female and ethnic minority officers in senior positions. Thirdly,
direct entry may help to bring new ideas into the police from
confident and experienced professionals.
117. Tom Winsor told us that "I wish I had
gone further in relation to the flexibility of a chief officer
to bring someone in from an outside job, perhaps with a lot of
years' experience, at a higher salary than as things are at the
118. As ACPO pointed out, "given the level
of risk managed by the service it is crucial that senior officers
are competent from day one".
The Police Foundation suggested that the College could design
courses to ensure that non-police officers gain relevant on-the-ground
training, skills and experience.
119. There are already opportunities to join
the service in senior roles as police staff members (i.e. not
warranted officers). Non-warranted staff members are represented
at all levels including senior management teams.
Police staff and PCSOs now represent 38% of the police workforce
in England and Wales, with staff represented at almost all management
levels in forces and across all policing functions. The Strategic
Command Course is available to both officers and staff.
120. Assistant Chief Officers are regularly drawn
from successful careers in finance, human resources, IT and more
and bring a great deal of skills and experience into policing.
Vicky Robinson suggested that "Direct entry [...] is reinforcing
this notion that you have to hold a warrant card to be an effective
police leader" and that if more were done to integrate civilian
staff direct entry would not be required.
121. Police staff are an important
entry point for diversity of experience, ethnicity and other characteristics
and play an increasingly important role in policing. We note that
in November 2012 the Police Reform and Social Responsibility Act
2011 transferred all of the assets, liabilities and staff formerly
employed by Police Authorities to Police and Crime Commissioners
(PCCs). By April 2014, a second stage of transfers is due to take
place, leaving some "governance" staff with the PCCs
and all "operational" staff with chief constables. Under
this Stage 2 Transfer process, operational staff under the direction
and control of the chief constable pass to the chief constable's
employment. We expect most staff to be transferred to chief constables'
employment and a clear justification for any staff remaining with
PCCs. For clarity and operational effectiveness, it is important
that this process happens smoothly and that the April 2014 deadline
122. For warranted officers,
the culture and "craft" of policing are valuable assets
that can guide officers in a crisis. The trust built between officers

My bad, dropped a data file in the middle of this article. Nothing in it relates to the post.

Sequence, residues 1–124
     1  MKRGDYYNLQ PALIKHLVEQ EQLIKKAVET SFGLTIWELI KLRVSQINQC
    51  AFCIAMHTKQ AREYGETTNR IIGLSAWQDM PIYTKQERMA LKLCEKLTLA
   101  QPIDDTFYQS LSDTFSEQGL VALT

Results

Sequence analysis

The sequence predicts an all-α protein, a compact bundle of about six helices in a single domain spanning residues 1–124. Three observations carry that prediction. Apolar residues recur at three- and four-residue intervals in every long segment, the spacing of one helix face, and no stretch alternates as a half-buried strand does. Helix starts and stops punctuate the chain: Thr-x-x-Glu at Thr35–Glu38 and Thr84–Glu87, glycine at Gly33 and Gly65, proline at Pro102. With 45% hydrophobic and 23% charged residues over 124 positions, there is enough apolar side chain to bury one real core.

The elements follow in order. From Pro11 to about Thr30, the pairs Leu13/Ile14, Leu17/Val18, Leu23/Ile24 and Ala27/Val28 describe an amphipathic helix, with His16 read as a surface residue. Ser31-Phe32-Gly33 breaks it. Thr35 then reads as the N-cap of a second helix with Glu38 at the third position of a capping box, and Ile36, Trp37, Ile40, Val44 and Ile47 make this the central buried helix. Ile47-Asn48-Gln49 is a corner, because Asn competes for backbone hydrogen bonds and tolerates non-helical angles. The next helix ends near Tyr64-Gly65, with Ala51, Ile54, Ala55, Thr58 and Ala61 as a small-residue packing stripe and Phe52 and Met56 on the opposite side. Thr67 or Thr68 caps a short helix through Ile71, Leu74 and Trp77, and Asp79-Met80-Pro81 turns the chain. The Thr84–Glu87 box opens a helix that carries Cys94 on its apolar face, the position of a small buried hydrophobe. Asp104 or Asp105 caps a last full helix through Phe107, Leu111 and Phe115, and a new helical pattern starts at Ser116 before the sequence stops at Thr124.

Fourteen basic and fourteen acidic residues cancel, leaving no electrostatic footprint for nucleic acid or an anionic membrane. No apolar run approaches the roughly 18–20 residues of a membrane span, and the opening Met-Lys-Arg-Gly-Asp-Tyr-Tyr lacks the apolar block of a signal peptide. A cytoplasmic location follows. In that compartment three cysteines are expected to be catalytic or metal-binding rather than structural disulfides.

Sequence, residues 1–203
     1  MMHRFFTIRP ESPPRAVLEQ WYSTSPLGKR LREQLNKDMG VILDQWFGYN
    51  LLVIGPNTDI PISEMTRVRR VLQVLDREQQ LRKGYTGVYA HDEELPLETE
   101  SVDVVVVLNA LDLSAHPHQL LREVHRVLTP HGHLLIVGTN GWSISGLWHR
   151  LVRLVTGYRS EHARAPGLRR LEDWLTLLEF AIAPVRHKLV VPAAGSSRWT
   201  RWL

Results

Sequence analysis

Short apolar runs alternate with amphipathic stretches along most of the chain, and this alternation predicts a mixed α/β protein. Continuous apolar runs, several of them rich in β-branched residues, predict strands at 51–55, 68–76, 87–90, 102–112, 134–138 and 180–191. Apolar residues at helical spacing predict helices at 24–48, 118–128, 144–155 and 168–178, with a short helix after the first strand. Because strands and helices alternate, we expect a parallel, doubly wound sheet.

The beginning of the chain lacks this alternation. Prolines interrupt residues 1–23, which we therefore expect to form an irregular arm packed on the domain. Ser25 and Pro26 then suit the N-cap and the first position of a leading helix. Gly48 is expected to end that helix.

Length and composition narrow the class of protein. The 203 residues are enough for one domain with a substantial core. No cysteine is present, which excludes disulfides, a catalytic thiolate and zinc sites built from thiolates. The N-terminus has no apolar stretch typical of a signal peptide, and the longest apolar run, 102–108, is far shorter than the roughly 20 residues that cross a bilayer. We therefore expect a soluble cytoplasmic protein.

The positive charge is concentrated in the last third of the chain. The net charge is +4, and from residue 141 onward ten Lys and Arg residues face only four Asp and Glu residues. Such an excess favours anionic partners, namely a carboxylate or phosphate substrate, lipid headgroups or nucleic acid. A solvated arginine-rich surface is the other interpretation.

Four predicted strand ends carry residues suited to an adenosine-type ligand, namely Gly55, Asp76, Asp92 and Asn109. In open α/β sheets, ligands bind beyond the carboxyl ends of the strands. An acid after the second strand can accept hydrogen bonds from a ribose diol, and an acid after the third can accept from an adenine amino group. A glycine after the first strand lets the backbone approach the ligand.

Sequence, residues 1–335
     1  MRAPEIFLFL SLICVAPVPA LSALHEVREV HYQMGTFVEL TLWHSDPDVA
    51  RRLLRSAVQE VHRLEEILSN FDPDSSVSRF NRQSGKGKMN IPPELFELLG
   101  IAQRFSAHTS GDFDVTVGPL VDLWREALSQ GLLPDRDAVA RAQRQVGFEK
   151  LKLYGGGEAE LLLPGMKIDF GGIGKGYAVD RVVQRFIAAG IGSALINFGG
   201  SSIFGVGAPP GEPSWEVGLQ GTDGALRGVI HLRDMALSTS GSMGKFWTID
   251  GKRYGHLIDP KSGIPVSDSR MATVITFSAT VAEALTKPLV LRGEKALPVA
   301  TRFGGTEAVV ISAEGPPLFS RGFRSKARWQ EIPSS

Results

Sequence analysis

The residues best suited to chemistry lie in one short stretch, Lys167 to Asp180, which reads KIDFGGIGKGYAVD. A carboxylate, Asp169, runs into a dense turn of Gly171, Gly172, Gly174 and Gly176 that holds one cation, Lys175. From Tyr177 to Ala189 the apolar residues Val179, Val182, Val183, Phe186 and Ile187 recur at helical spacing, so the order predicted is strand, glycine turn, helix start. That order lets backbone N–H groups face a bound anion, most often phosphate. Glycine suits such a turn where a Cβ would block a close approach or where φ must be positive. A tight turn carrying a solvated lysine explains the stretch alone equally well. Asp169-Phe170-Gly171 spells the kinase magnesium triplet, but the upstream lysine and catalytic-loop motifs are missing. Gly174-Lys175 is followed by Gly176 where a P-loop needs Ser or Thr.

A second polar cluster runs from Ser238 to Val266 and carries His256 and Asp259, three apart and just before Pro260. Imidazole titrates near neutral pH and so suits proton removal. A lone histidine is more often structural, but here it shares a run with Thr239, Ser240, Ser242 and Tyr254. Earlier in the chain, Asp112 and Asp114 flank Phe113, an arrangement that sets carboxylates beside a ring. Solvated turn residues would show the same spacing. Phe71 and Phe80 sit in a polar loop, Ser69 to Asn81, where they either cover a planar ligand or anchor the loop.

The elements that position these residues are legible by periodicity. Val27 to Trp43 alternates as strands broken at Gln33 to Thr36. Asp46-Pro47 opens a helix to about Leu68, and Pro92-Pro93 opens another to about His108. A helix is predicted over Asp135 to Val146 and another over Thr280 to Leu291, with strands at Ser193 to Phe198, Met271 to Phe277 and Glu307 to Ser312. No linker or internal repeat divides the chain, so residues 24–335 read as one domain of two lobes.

and their superiors on the basis of shared experience is another
valuable commodity. However, we recognise that it is necessary
to have warranted officers with certain skills within the service,
especially for specialist assignments such as cyber crime. The
College should develop a "points-based" direct entry
system, it must identify specific skills requirements at specific
levels in the service and open up direct entry to fill that gap,
rather than simply throw open the door to senior ranks.
86 LSP 34 [Professor Simon Holdaway], paragraph 12 Back
Q 309 [Dal Babu] Back
Q 323 [Dal Babu] Back
LSP 06 [Stonewall] Back
Q 316 [Dal Babu] Back
LSP 08 [Higher Education Forum for Learning and Development in
Policing], paragraph 3.12 Back
LSP 20 [NPIA], section 2.8 Back
Q 320 [Mike Fuller] Back
LSP 34 [Professor Simon Holdaway], paragraph 6; LSP 03 [David
Treadwell]; LSP 35 [A J Wright] Back
Home Affairs Committee, Counter-terrorism, HC 231-i, Q
15 [Cressida Dick], 4 June 2013 Back
Q 212 [Alex Marshall] Back
Q 215 [Alex Marshall] Back
Q 614 [Tom Winsor]; Q 615 [Tom Winsor] Back
Q 328 [Dal Babu] Back
Home Affairs Committee, Counter-terrorism, HC 231-i, Q
17 [Cressida Dick], 4 June 2013 Back
Home Office, Consultation on the Implementation of Direct Entry
in the Police, January 2013 Back
Rowe, M. (2006) 'Following the leader: frontline narratives on
police leadership', Policing: An International Journal of Police
Strategies and Management, Volume29, Number 4. Back
333 [Dal Babu] Back
Q 315 [Dal Babu] Back
LSP 05 [Police Foundation], paragraph 19 Back
05 [Police Foundation], paragraph 20 Back
Q 604 [Tom Winsor] Back
LSP 21 [ACPO] Back
LSP 05 [Police Foundation], paragraph 24 Back
LSP 21 [ACPO] Back
LSP 21 [ACPO] Back
LSP 29 [Vicky Robinson] Back